Launch Slideshow

Image

Phantom Canyon Ranch / Livermore, Colo.

Phantom Canyon Ranch / Livermore, Colo.

  • Nestled inside the Phantom Canyon Nature Preserve in Livermore, Colo., the LEED-Gold home offers unobstructed, panoramic views of the Rocky Mountains. No existing trees or boulders were disturbed during construction.

    http://www.ecobuildingpulse.com/Images/tmp4D6D%2Etmp_tcm131-1455013.jpg

    true

    Nestled inside the Phantom Canyon Nature Preserve in Livermore, Colo., the LEED-Gold home offers unobstructed, panoramic views of the Rocky Mountains. No existing trees or boulders were disturbed during construction.

    600

    Daniel O'Connor Photography

    Nestled inside the Phantom Canyon Nature Preserve in Livermore, Colo., the LEED-Gold home offers unobstructed, panoramic views of the Rocky Mountains. No existing trees or boulders were disturbed during construction.

  • Deep roof overhangs and ultra-efficient windows help to control heat gain.

    http://www.ecobuildingpulse.com/Images/tmp4D6E%2Etmp_tcm131-1455014.jpg

    true

    Deep roof overhangs and ultra-efficient windows help to control heat gain.

    600

    Daniel O'Connor Photography

    Deep roof overhangs and ultra-efficient windows help to control heat gain.

  • The judges were wowed by the craftsmanship of the homes soaring timber frame construction.

    http://www.ecobuildingpulse.com/Images/tmp4D6F%2Etmp_tcm131-1455015.jpg

    true

    The judges were wowed by the craftsmanship of the homes soaring timber frame construction.

    600

    Daniel O'Connor Photography

    The judges were wowed by the craftsmanship of the home’s soaring timber frame construction.

  • The large kitchen features energy-saving appliances.

    http://www.ecobuildingpulse.com/Images/tmp4D70%2Etmp_tcm131-1455016.jpg

    true

    The large kitchen features energy-saving appliances.

    600

    Daniel O'Connor Photography

    The large kitchen features energy-saving appliances.

  • Indoor air quality is optimized by a range of products including natural finishing oil for the timber frames, Terrastain concrete finish for the floors, zero-VOC Benjamin Moore paints, water-based stains, and a passive radon mitigation system.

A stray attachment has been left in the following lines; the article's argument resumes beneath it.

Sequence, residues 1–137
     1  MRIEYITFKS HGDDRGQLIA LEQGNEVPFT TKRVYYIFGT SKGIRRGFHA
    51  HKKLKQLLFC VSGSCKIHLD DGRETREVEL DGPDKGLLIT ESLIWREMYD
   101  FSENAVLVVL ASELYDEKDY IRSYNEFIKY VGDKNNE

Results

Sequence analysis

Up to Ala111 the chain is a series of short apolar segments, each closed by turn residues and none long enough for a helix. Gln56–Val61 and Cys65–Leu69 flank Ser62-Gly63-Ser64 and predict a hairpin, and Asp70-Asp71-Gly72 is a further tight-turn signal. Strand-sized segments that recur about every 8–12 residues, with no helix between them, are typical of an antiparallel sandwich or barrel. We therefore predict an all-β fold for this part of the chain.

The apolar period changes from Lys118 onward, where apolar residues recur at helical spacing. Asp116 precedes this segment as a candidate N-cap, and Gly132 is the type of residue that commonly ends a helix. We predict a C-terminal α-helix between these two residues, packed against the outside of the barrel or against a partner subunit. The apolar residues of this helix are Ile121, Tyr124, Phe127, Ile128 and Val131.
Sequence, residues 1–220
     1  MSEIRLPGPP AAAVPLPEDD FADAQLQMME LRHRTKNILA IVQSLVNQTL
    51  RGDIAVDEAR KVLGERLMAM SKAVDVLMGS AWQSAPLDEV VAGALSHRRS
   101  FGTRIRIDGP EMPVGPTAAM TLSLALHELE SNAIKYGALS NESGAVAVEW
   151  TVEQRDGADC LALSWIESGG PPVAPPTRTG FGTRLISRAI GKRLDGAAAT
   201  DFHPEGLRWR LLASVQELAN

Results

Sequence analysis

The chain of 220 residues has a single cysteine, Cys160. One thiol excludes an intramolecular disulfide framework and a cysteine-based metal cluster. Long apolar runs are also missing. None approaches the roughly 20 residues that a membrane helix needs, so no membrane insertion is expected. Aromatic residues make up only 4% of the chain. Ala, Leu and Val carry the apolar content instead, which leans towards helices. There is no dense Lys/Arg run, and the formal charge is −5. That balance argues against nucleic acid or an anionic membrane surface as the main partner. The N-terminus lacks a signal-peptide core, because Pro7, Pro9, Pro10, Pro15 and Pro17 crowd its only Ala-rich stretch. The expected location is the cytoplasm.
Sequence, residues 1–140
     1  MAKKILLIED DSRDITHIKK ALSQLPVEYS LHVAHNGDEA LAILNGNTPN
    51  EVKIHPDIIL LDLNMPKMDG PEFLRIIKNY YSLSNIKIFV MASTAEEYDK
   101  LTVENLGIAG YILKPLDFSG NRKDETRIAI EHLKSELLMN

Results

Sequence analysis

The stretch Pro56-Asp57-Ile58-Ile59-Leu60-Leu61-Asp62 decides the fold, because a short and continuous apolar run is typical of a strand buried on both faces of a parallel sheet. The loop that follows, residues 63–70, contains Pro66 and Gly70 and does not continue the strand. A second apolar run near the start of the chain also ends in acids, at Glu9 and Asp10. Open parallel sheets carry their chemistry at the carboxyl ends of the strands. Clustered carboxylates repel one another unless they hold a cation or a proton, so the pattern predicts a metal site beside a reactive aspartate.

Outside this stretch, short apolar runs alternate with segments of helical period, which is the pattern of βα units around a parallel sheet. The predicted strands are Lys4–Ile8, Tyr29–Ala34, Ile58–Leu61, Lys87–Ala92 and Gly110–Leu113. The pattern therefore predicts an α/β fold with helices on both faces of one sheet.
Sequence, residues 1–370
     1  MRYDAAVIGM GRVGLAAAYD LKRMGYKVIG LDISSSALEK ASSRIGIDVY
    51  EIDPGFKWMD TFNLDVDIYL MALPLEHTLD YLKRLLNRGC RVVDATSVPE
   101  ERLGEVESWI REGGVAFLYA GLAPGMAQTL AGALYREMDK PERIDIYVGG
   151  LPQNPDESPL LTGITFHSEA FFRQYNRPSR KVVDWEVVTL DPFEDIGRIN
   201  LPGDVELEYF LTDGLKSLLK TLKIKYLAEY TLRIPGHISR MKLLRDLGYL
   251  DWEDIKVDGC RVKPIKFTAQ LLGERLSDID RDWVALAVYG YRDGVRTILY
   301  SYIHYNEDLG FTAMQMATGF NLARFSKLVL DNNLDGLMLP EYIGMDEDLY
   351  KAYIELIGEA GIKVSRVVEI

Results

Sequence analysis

http://www.ecobuildingpulse.com/Images/tmp4D71%2Etmp_tcm131-1455017.jpg

    true

    Indoor air quality is optimized by a range of products including natural finishing oil for the timber frames, Terrastain concrete finish for the floors, zero-VOC Benjamin Moore paints, water-based stains, and a passive radon mitigation system.

    600

    Daniel O'Connor Photography

    Indoor air quality is optimized by a range of products including natural finishing oil for the timber frames, Terrastain concrete finish for the floors, zero-VOC Benjamin Moore paints, water-based stains, and a passive radon mitigation system.

  • Bathroom faucets were fit with low-flow aerators.

    http://www.ecobuildingpulse.com/Images/tmp4D72%2Etmp_tcm131-1455018.jpg

    true

    Bathroom faucets were fit with low-flow aerators.

    600

    Daniel O'Connor Photography

    Bathroom faucets were fit with low-flow aerators.

  • The solar array provides domestic hot water and battery backup.

    http://www.ecobuildingpulse.com/Images/tmp4D73%2Etmp_tcm131-1455019.jpg

    true

    The solar array provides domestic hot water and battery backup.

    600

    Daniel O'Connor Photography

    The solar array provides domestic hot water and battery backup.

  • The rustic home appears to nestle into the surrounding landscape. All disturbed areas were reseeded with native grasses.

    http://www.ecobuildingpulse.com/Images/tmp4D74%2Etmp_tcm131-1455020.jpg

    true

    The rustic home appears to nestle into the surrounding landscape. All disturbed areas were reseeded with native grasses.

    600

    Daniel O'Connor Photography

    The rustic home appears to nestle into the surrounding landscape. All disturbed areas were reseeded with native grasses.

 

This house in Colorado’s Phantom Canyon Nature Preserve was designed to celebrate the beauty of its gorgeous natural setting.

Built without disturbing any existing trees or boulders and oriented to efficiently control and utilize the sun’s warmth and light, the house relies on plentiful ultra-efficient windows to facilitate daylighting and views but reduce heat gain. Thermal mass materials such as the stained concrete floors help temper interior comfort throughout the year while deep roof overhangs provide cooling shade during the summer. A discreetly positioned solar thermal system captures solar energy to provide 100% of the home’s hot water and meet 80% of the in-floor radiant heating requirements. In addition, a 680-watt grid-tied PV array keeps the home’s OutBack SmartRE backup battery system charged.

To minimize runoff and facilitate stormwater infiltration, MQ Architecture & Design chose concrete pavers for the patios and gravel for parking surfaces and walkways. Gravel swales, revegetated native grasses and flowers, and locally sourced boulder walls provide further stormwater control. Even the exterior lighting was designed to minimize the home’s environmental footprint by pointing downward to reduce light pollution.

The careful siting of this home impressed the judges so much, they said it appears to be part of the landscape. They also were wowed by the beautifully crafted timber frame/SIPs hybrid construction and the home’s many locally sourced materials, including beetle-kill pine flooring, reclaimed concrete tile roofing, locally quarried stone siding, and flagstone and tile countertops.